Now open: Tupelo Honey offers Southern fare, Michigan feel in Grand Rapids

Grand Rapids

GRAND RAPIDS, Mich. (WOOD) — The first Tupelo Honey restaurant in the Great Lakes region is now open in downtown Grand Rapids.

Tupelo Honey served its first guest Tuesday, almost 10 months to the day News 8 first reported the restaurant chain was moving into the ground floor of the Hyatt Place at the corner of Pearl Street and Ottawa Avenue NW.

ON THE MENU

The restaurant sports the same Southern fare as other Tupelo Honey locations, including its signature honey-dusted fried chicken and bourbon peppercorn glazed meatloaf — both favorites of corporate executive chef Eric Gabrynowicz.

“You’re going to see grits and fried green tomatoes and collard greens with bacon. That’s something that I think we bring to the table that not a lot of restaurants around here are focusing on, and that’s our whole focus and our passion,” he said.

Gabrynowicz says guests can also expect “big, solid beefy brunches” with mimosas and bloody Marys on Saturday and Sunday.

But the menu isn’t limited to meat-filled foods.

“Part of Southern hospitality is making sure there’s something for everyone. So we have some really awesome vegetable bowls,” Gabrynowicz said. “We are 100% focused on making sure everyone has something, so we can make little tweaks to make things vegan, little tweaks to always accommodate allergies.”

GROWING IN GRAND RAPIDS

Inside Grand Rapids’ newest restaurant, Tupelo Honey has blended its Southern-style bar and wallpaper with uniquely Michigan touches, including a mural Gabrynowicz calls “an ode to old Michigan beer,” a dining area designed like a beer garden, and locally brewed craft beer flowing from at least half of the restaurant’s 24 taps.

(A September 2020 photo shows a wall mural inside Tupelo Honey’s Grand Rapids restaurant which pays homage to the area’s beer culture.)

Gabrynowicz says the company had been eyeing Grand Rapids for a while because of its close partnership with Founders Brewing Co. and success in another Beer City, USA: Asheville, North Carolina.

“Then when we finally pulled the trigger, we hit it right in the middle of a pandemic. So we had a press pause for a little bit,” he said. “It took a little longer than we had expected, but we are so grateful to be opening now.”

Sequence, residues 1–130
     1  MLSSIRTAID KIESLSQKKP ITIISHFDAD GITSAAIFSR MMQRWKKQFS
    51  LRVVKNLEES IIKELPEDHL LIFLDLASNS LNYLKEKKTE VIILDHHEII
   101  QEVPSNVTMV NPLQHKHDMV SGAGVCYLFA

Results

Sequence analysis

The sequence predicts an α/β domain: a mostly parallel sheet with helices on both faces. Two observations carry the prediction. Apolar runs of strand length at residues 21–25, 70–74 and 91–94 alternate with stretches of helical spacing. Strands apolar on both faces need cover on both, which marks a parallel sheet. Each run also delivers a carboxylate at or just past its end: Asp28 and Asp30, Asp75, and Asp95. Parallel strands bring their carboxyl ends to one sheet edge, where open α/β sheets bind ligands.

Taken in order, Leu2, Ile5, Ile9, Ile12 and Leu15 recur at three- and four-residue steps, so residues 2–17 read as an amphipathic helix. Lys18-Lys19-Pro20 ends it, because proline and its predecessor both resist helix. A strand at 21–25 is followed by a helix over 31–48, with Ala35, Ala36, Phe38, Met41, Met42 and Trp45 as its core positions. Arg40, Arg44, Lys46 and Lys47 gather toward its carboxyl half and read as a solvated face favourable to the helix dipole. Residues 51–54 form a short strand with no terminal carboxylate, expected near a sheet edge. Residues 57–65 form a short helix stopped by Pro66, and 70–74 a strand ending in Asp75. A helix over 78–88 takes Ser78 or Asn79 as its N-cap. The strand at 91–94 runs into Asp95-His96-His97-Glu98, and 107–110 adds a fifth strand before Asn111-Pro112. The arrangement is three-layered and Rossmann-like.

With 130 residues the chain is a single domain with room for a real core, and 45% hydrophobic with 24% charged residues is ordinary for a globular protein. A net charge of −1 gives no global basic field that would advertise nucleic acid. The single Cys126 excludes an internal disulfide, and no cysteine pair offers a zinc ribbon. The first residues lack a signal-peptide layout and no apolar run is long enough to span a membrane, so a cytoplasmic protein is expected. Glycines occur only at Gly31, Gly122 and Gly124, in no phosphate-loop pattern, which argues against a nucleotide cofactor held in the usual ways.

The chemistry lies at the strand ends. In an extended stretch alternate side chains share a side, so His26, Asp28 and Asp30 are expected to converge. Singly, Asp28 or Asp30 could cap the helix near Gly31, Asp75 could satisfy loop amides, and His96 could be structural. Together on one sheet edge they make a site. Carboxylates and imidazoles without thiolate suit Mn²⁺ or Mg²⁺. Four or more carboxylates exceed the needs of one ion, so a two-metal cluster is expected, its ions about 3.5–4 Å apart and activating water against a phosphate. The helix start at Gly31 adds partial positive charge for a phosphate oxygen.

Gabrynowicz said while Grand Rapids’ Tupelo Honey was about 80% complete, the company was 100% committed when the pandemic set in, temporarily stalling construction. Instead of opening in spring, Tupelo Honey will now celebrate its grand opening Sept. 29.

(A September 2020 photo shows the bar area inside Tupelo Honey’s new Grand Rapids restaurant.)

“The fact that we’re opening in the middle of a pandemic, to me, is a testament to our teams here at Tupelo and how hard they work and how much we want to be here in Michigan,” the executive chef said.

‘COVID KILLER’ AMONG PANDEMIC PIVOTS

The Grand Rapids restaurant is Tupelo Honey’s first location to open since the pandemic started. The last time the company celebrated such a milestone was March 16.

“We went from ‘Here’s our grand opening’ to everything’s takeout only. And that was a great learning experience for us… It taught us a lot about how to be nimble and make decisions on the fly,” he said.

“We were able to save jobs, we were able to make sure that we were able to survive this. And honestly, the fact that we’re growing in the middle of a pandemic is so encouraging for us as at Tupelo Honey, and really is a wonderful thing,” he added.

Gabrynowicz says the pandemic prompted Tupelo Honey to trim its menu so it’s identical across all locations for the first time in company history. The restaurant will operate at a state-mandated lower capacity with socially distanced tables and staff wearing masks. Seating is also available on Tupelo Honey’s outdoor patio, weather permitting.

(A September 2020 photo shows the outdoor dining area at Tupelo Honey in downtown Grand Rapids.)

Gabrynowicz says an employee he has nicknamed “the COVID killer” is dedicated to sanitizing all high touch points continuously.

“I think it’s really important in today’s day and age to make sure that everyone feels safe in our restaurants,” the executive chef said.

(A September 2020 photo shows the indoor dining area at Tupelo Honey that’s been designed to resemble a beer garden.)

In a nod to the growing issue of food insecurity during the pandemic, Tupelo Honey is collecting guest donations to support Feeding America West Michigan’s food pantry division.

“Feeding kids in this country is one of the most important things with food insecurity affecting one in four children in western Michigan and one in five in the entire United States. I think it’s incredibly important that we focus on that,” Gabrynowicz said. “Anything we can do to get children fed and have food is … very important, especially nowadays.”

Tupelo Honey is open from 11 a.m. to 9 p.m. Monday through Thursday; 11 a.m. to 10 p.m. Friday; 10 a.m. to 10 p.m. Saturday and 10 a.m. to 9 p.m. Sunday.

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